A report suggesting that unemployment levels might be stabilising helped reassure Wall Street today and sent stocks moderately higher, although the gains were limited by news of a sluggish gross domestic product.
Analysts said much of the advance was also a bounceback from yesterday’s sharp decline after the Federal Reserve voted to cut interest rates by a quarter-percentage point. Since the reduction was widely expected, traders were now making up for yesterday’s overreaction.
“It’s a direction-less day in the aftermath of the Fed cut,” said Michael Palazzi, managing director of equity trading at SG Cowen Securities. “Investors are looking forward to the end of the quarter and dreading the preannouncement season,” when companies issue earnings warnings.
The Dow Jones industrial average closed up 67.51, or 0.8%, at 9,079.04, having fallen 98 points yesterday.
The broader market also finished higher. The Nasdaq composite index advanced 31.35, or 2%, to 1,634.01. The Standard & Poor’s 500 index rose 10.49, or 1.1%, to 985.81.
The Commerce Department reported that the GDP rose at an annual rate of 1.4% during the first quarter. That was lower than the 1.9% reading estimated a month ago.
But the Labour Department said new claims for unemployment benefits fell last week by a seasonally adjusted 22,000 to a three-month low of 404,000, suggesting that layoffs may be stabilising.
“They were sort of in line as expected,” Palazzi said. ”The market is gingerly moving along with healthy scepticism. ... We’ve had such great gains, there’s more than a bit of caution.”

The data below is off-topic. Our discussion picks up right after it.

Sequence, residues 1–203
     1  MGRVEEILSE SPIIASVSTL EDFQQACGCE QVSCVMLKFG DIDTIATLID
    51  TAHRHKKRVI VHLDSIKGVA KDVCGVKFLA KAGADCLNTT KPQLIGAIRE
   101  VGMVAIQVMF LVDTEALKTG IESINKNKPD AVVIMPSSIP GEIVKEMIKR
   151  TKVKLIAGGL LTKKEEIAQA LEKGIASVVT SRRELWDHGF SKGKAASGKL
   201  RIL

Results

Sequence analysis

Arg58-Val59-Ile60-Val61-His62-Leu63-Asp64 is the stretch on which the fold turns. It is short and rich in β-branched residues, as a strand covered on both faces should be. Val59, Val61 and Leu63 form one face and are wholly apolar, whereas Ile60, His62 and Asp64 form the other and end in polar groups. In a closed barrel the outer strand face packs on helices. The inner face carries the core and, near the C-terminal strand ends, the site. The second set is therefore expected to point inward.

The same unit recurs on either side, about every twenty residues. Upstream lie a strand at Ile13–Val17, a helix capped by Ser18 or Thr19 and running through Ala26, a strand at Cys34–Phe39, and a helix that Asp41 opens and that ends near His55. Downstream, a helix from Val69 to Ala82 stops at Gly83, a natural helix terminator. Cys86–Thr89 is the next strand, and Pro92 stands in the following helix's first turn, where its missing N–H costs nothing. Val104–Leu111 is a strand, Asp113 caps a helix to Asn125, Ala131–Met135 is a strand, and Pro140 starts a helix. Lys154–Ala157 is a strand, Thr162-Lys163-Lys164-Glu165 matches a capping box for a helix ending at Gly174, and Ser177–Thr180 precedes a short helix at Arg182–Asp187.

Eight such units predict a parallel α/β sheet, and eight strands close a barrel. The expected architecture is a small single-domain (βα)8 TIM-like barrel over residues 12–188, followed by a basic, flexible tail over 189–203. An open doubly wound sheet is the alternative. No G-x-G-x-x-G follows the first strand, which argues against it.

Stephen Massocca, president of Pacific Growth Equities, agreed.
“Had those reports delineated a clear direction for the economy it would have been meaningful” for the markets, he said. “But it didn’t really. ... The big new items the market is waiting to hear about are how poorly or well companies did in the second quarter. That will begin in earnest after the July 4 holiday.”
Gainers included Intel, which rose 59 cents to 20.63, and IBM, which advanced 1.86 to 84.35.
American International Group rose 55 cents to 56.20 after the company said it would buy General Electric’s Japanese insurance operations as well as its U.S. auto and home business for about 2.15 billion. GE gained 8 cents to 29.15.
Decliners included GlaxoSmithKline, which fell 4 cents to 41.35, although the British pharmaceutical company said it received an approval letter from the Food and Drug Administration for its antidepressant drug Wellbutrin.
Advancing issues outnumbered decliners 9 to 5 on the New York Stock Exchange. Volume was moderate.
The Russell 2000 index, which tracks smaller company stocks, rose 6.70, or 1.5%, to 449.91.